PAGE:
About 100 people gathered Sunday at Lake Sacajawea to honor Mikayla Bragg, the Longview soldier who died in Afghanistan in December.
"Nothing we do today can make up for the loss of a person's life," said Longview Mayor Dennis Weber at the event, where officials unveiled a plaque and a new tree to honor Mikayla.
"We stand united behind the men and women who go overseas and give the ultimate sacrifice. ... This tree represents an eternal memory for her sacrifice."
The ceremony featured the singing of the national anthem by the Mark Morris High School choir with brief comments from family, friends, people who knew her and people who knew of her.
"I hope when people walk by here and see the dates she lived they wonder what a hero really is," said Reverend Steve Myall of Longview's Breakpoint Assembly. "It's a tribute to her community. But more than anything, it's a tribute to her family."
The exact circumstances of Bragg's death continue to be cloudy.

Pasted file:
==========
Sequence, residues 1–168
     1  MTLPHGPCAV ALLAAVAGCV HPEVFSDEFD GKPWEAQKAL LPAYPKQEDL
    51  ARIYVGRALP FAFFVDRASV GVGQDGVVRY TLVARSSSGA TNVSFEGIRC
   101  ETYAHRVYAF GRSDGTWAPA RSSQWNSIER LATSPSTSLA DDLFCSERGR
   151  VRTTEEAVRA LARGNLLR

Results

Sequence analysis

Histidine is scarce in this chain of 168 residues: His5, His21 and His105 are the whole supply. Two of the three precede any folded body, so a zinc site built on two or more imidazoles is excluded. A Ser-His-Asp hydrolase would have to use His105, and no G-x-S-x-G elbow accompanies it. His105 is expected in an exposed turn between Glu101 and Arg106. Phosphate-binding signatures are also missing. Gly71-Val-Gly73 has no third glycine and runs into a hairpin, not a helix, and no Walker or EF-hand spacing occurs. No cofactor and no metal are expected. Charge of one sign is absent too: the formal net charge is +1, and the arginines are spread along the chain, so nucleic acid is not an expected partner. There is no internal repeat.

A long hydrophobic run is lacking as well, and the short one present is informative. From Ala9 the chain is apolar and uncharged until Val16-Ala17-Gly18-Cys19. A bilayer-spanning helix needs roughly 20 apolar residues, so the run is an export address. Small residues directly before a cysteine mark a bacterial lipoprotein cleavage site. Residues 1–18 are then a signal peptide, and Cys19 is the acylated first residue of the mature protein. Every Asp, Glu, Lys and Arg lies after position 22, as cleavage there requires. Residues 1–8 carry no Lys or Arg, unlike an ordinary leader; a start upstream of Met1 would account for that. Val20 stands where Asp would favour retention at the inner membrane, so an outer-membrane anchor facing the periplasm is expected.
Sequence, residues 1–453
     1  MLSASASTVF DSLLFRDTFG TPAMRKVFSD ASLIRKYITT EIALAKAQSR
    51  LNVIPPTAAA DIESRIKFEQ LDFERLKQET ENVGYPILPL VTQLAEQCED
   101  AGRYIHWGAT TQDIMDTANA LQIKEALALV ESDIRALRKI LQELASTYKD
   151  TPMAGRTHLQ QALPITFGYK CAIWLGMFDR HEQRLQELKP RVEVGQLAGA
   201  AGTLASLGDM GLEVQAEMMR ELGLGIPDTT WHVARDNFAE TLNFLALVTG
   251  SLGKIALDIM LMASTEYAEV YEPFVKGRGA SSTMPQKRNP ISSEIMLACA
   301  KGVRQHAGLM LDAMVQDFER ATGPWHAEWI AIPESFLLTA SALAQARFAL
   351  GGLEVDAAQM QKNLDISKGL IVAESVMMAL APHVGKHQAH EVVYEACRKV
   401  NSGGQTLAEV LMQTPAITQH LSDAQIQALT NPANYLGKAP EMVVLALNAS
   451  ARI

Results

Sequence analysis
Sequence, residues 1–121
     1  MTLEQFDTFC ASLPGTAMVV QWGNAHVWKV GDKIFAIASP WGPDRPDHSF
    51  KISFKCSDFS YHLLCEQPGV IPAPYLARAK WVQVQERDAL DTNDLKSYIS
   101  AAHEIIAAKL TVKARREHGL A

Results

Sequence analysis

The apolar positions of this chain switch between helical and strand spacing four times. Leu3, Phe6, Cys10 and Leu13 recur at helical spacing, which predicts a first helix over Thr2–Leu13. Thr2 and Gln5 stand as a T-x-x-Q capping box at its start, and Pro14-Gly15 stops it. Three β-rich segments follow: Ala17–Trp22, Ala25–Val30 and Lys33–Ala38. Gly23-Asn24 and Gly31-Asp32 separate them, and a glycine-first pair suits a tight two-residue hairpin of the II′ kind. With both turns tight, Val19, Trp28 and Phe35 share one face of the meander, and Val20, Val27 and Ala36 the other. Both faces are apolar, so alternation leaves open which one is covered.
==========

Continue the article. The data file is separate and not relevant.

Her family has reported that Bragg died from a gunshot wound to the head in a guard tower in a combat zone near the Pakistan border.
The Army recently listed Bragg's death as "non-hostile," a designation that means her death was not related to combat, said Major Travis Dettmer of Fort Knox, where Bragg had been based. He declined to be more specific about Bragg's case because it remains under investigation, except to say that "non-hostile" could mean the person died from an accident, self-inflicted injuries or some other cause not related to battle.
Encyclopedia.com says "non-hostile casualties are not attributable to enemy action. These occur due to an injury or death from environmental elements, disease, self-inflicted wounds, or combat fatigue."
In response to a Freedom of Information Act request from The Daily News, the Defense Department said the investigation into Bragg's Dec. 21 death still is not complete. Attempts to obtain her autopsy report last week were not successful.
Bragg's father, Steve Bragg of Longview, said in a phone interview last week that he understands the investigation into his daughter's death is continuing, and that listing it as "non-hostile" is inappropriate until the investigation concludes.
"They have not come to a final conclusion. They don't know if it was hostile or non-hostile. They are still investigating that."
Bragg said he was expecting a small gathering at Hemlock Plaza, not the crowd that showed up.
"It shows she was loved by the community," Bragg said. "It means a lot to me. I'm overwhelmed and grateful to the city, and I'm really glad of how it turned out."
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